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RISC Zero Raises $40 Million to Build Zero Knowledge Proof Muscle

Seattle-based crypto company RISC Zero has just announced the successful completion of a $40 million Series A round of funding. Galaxy Digital, Alchemy Ventures, Fenbushi Capital, Delphi Digital, and others took part in the Series A financing led by Blockchain Capital. The company will use the funds to expand its Zero Knowledge Proof capacity, as the technology continues to spike in popularity and experiences widespread application.

Zero Knowledge Proof and the future of blockchain technology

In cryptography, zero-knowledge proofs are gaining popularity because they allow one entity to prove the truth of an assertion to another without disclosing any extra information. This aligns with RISC Zero’s goal of enabling the next generation of trustless, scalable, and decentralised computing, both on-chain and off-chain, by providing developers and infrastructure providers with cutting-edge cryptographic tools.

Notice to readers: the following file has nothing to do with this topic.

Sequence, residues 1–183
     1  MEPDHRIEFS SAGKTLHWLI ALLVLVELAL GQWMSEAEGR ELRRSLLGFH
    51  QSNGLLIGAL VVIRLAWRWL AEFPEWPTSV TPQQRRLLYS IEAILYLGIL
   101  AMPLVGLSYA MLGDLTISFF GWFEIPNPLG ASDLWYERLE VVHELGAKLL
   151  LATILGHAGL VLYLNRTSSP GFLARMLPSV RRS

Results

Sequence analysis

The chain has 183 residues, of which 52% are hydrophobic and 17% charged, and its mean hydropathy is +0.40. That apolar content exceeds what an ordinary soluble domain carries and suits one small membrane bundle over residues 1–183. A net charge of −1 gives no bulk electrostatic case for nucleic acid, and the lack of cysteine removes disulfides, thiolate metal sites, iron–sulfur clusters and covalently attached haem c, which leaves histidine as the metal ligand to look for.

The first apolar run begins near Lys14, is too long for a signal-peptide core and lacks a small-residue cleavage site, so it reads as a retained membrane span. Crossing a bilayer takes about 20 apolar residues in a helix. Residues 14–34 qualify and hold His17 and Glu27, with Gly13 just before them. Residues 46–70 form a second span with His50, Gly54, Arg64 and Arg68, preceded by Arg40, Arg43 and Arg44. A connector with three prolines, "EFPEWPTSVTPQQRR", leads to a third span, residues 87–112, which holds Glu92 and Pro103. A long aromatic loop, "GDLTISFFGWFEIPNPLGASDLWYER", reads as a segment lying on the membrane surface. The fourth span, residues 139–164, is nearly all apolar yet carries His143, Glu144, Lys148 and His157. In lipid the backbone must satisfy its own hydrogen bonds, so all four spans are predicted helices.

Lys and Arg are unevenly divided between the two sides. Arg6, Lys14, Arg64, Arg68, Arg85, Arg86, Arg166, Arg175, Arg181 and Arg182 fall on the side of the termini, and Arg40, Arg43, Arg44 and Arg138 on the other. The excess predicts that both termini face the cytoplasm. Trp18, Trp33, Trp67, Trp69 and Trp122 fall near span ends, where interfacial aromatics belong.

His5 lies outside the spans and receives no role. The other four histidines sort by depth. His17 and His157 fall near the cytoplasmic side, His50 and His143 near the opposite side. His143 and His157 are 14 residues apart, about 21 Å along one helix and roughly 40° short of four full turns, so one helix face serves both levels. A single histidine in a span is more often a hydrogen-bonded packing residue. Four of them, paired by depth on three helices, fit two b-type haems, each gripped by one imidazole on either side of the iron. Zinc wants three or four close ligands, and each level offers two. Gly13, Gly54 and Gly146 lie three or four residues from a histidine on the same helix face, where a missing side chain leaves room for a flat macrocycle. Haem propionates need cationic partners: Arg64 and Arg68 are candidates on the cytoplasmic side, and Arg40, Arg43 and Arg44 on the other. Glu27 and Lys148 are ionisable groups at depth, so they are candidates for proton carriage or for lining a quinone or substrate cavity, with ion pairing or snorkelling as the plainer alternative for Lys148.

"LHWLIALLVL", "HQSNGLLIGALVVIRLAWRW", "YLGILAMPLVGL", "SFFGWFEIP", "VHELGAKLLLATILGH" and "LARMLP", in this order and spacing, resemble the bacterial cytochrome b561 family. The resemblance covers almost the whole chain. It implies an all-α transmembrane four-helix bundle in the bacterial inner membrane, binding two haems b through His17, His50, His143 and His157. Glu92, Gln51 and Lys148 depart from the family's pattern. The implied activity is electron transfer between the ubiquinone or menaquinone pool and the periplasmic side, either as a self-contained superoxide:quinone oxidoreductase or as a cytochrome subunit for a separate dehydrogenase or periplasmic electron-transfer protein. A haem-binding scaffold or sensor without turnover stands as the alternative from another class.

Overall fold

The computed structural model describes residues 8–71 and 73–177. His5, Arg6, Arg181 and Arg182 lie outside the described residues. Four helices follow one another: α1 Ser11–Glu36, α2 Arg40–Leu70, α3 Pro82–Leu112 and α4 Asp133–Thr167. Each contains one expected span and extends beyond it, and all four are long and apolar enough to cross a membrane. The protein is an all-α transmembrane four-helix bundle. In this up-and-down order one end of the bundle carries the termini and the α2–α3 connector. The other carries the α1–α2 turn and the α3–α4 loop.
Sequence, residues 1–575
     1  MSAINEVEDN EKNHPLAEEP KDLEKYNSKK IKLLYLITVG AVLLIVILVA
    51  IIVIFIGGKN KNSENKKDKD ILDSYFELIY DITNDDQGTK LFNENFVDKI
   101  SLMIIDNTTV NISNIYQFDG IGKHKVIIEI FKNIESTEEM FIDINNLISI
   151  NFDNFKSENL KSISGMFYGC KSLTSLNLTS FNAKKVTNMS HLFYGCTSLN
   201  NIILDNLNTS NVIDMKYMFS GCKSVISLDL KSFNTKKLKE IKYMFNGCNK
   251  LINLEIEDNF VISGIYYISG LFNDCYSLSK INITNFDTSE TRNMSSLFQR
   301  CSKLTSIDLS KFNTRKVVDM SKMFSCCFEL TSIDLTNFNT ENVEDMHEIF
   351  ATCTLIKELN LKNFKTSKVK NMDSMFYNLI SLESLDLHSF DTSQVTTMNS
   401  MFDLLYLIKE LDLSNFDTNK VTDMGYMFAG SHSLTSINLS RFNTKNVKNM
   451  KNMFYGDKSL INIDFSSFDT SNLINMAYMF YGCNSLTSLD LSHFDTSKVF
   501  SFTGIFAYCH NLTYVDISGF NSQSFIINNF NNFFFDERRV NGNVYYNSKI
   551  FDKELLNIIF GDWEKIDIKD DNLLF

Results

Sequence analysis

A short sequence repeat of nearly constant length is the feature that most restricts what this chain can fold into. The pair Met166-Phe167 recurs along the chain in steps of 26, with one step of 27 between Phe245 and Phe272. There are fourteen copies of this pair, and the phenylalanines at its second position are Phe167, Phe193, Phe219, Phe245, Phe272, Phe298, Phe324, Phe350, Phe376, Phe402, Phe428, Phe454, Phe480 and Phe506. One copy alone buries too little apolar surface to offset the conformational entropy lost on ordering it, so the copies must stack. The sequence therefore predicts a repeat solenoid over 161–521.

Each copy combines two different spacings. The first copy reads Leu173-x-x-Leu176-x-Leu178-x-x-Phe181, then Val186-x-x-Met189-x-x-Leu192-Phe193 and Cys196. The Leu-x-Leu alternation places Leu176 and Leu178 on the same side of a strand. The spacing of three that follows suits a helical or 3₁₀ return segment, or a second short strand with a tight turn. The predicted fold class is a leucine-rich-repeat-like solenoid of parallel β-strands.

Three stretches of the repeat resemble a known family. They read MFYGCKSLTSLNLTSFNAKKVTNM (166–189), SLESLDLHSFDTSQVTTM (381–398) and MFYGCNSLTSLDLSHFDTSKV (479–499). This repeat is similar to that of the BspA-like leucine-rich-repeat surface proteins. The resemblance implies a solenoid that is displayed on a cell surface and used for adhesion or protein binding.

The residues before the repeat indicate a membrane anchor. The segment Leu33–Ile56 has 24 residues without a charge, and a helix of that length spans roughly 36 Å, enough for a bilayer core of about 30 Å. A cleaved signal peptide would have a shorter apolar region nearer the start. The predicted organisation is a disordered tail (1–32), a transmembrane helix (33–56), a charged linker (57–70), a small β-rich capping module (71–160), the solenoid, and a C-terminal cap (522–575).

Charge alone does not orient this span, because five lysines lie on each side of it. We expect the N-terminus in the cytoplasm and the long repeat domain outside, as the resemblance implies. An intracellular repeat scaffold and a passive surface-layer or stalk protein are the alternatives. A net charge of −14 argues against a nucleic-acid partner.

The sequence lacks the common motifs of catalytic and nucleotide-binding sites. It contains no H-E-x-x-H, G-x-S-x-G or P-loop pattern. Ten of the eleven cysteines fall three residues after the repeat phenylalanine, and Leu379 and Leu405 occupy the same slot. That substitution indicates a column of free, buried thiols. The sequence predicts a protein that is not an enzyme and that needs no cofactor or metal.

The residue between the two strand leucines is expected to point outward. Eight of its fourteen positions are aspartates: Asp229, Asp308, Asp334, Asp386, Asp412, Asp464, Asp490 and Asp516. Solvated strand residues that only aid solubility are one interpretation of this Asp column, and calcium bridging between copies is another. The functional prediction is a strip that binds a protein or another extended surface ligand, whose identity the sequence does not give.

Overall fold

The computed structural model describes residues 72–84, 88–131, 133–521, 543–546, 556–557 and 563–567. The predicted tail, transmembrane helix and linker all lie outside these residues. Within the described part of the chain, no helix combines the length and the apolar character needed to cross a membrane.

RISC Zero’s ZK Virtual Machine (zkVM) makes it possible for developers to create ZK-powered apps using the familiarity of languages like Rust and C++. ZkVM differs from the popular zkEVM architecture in that it is chain-agnostic and does not have a predefined concept of wallet addresses or other blockchain components for verifying transaction data.

With this new round of funding, RISC Zero says it will be able to release its Bonsai computing platform, which allows for the swift creation and deployment of applications in both cloud and decentralised settings. Bonsai frees up developers from the tedium of proof orchestration and server architecture so they can concentrate on creating their application.

It’s quite improbable that large corporations will ever adopt a network where every transaction can be seen by anyone. If blockchains are ever going to successfully onboard commercial clients at scale, some form of privacy will be required. In a world where software supply chains are open and auditable, zero-knowledge computing could make data privacy, security, and trust non-issues. It’s where the most recent applications can tap into the potential of zero-knowledge computing to address some of the modern era’s most intractable problems.